Thursday, May 14, 2009

Blend, Separation and Clarity: An Introduction

As an audio engineer, or even just a music lover, I'm sure you've noticed how some mixes seem to have this magical quality; where the overall sound is tightly integrated, balanced, clean and transparent, yet each element has its own character and can be perceived on its own. In contrast, lower quality mixes sound busy, muddled and confusing. It's not always easy to point out what the specific differences are between the good and the bad. I'd like to talk about some principles that you can use in your effort to continually improve your mixes. This will be a series of mini-posts, each discussing different aspects of this topic.

In my experience, probably the key overarching concept to keep in mind is blend vs. separation. One primary task as an engineer or producer (or for that matter, as an arranger) is to make good choices as to which elements you want "stuck together", and which you want separated. A classic example of elements you might want stuck together would be a kick drum and a bass guitar. Because a typical rhythm section beat might have these two elements playing in lock-step on nearly every 1 and 3 of nearly every bar, we would typically want those elements to be perceived as stuck together rather than separated. In other words, we would want their sonic characteristics to blend in such a way as to be perceived as a single element within the overall mix presentation.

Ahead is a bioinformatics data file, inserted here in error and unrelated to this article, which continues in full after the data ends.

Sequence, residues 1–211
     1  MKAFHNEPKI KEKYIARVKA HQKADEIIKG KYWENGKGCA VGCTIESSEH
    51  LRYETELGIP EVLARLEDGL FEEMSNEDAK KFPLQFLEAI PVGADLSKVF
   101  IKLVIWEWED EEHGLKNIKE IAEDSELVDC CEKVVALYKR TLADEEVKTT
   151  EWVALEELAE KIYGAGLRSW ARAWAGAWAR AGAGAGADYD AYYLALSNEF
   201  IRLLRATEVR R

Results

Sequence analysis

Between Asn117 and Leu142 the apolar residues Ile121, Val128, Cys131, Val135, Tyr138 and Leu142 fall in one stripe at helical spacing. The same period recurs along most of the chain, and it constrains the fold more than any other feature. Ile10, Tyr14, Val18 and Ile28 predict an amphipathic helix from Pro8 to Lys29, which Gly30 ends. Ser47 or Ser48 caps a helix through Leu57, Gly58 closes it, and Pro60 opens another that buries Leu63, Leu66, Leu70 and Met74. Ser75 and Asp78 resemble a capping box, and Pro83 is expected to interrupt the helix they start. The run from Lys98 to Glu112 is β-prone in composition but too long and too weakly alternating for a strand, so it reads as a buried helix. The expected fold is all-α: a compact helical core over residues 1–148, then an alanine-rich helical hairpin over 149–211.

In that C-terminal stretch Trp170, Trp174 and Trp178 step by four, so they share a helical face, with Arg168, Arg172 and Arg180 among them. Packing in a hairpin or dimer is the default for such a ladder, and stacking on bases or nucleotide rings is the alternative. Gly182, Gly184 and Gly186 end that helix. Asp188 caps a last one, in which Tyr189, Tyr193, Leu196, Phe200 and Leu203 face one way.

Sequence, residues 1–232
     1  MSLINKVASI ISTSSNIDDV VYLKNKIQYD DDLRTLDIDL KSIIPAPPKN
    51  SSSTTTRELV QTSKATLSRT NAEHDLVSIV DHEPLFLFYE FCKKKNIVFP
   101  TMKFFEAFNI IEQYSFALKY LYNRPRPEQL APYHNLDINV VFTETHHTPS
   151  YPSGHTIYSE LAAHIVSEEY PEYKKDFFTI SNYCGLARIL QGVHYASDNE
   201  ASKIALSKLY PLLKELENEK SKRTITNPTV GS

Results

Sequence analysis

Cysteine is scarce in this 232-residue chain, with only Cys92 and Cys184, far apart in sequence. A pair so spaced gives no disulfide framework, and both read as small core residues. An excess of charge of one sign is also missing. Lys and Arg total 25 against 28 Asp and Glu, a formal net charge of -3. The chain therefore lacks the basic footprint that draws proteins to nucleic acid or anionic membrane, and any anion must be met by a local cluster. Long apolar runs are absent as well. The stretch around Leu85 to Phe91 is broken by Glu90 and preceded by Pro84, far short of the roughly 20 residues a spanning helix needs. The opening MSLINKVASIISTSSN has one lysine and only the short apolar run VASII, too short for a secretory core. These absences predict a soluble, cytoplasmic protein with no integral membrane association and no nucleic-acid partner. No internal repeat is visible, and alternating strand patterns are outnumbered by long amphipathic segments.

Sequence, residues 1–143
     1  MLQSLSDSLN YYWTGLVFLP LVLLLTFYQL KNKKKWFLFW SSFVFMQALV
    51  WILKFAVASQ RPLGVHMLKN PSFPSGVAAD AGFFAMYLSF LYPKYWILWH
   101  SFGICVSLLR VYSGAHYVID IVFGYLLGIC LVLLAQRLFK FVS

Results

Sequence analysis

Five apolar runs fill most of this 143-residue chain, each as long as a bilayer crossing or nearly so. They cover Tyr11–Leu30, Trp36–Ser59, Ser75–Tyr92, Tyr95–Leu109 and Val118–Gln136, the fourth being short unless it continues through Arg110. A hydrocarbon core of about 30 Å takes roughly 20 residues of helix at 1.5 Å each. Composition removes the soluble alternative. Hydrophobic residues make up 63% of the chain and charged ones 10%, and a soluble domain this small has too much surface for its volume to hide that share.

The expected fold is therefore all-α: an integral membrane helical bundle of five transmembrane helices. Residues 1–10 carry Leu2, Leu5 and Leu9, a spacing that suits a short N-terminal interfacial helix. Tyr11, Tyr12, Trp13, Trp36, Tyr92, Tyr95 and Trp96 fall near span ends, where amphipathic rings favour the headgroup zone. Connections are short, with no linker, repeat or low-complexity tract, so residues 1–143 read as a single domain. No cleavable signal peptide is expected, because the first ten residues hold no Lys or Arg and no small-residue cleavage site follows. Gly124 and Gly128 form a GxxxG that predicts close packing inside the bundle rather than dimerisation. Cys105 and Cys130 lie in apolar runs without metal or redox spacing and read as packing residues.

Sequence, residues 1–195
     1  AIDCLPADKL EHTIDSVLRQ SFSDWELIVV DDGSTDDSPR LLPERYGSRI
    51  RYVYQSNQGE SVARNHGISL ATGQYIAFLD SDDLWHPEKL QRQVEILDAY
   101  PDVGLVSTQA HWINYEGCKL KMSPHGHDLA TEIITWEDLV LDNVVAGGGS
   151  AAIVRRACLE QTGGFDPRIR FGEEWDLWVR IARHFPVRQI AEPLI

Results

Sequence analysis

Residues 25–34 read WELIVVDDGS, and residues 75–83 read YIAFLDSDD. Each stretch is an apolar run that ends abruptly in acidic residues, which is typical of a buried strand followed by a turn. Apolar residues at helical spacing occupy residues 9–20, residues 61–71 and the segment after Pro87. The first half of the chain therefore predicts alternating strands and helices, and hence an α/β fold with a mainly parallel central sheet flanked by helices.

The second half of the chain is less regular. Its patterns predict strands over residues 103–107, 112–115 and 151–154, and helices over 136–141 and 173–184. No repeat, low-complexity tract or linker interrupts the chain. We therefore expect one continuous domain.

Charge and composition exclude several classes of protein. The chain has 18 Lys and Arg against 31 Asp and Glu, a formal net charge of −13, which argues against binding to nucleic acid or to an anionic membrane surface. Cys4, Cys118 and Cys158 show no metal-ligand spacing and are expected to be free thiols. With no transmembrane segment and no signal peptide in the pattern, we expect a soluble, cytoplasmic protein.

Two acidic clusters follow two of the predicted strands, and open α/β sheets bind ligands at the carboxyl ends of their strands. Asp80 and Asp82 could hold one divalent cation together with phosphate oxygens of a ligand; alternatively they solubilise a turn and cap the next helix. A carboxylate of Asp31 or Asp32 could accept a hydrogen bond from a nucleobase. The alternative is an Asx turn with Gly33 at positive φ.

In contrast, an example of elements you might want separated would be a distorted electric guitar and an acoustic guitar. They have completely different natural sonic profiles, and in most cases would be intended to provide distinctly different flavors in the overall mix; perhaps a meaty solidity contributed by the distorted electric guitar, plus a light clean gloss contributed by the strumming acoustic. In either case, you have a range of tools at your disposal to either blend or separate the elements as desired. In the upcoming posts, I'll work through a handful of theses tools and approaches.

By the way, it's important to remember that for this series, as well as in nearly all discussions about audio production, we are talking about principles, not laws. For me, one of the continually satisfying aspects of audio production is that, like music, it is a combination of art and technique. The technology can be sophisticated, and yet in the end, the human ear, guided by passion and inspiration, is required to produce great work. As a result, while I have found these principles to be invaluable, there will be times when doing something that completely violates one or more of these principles is the perfect choice. You should always feel the freedom to apply or ignore the "rules" as needed. In other words, caveat emptor, YMMV, etc.

Watch for more coming soon!


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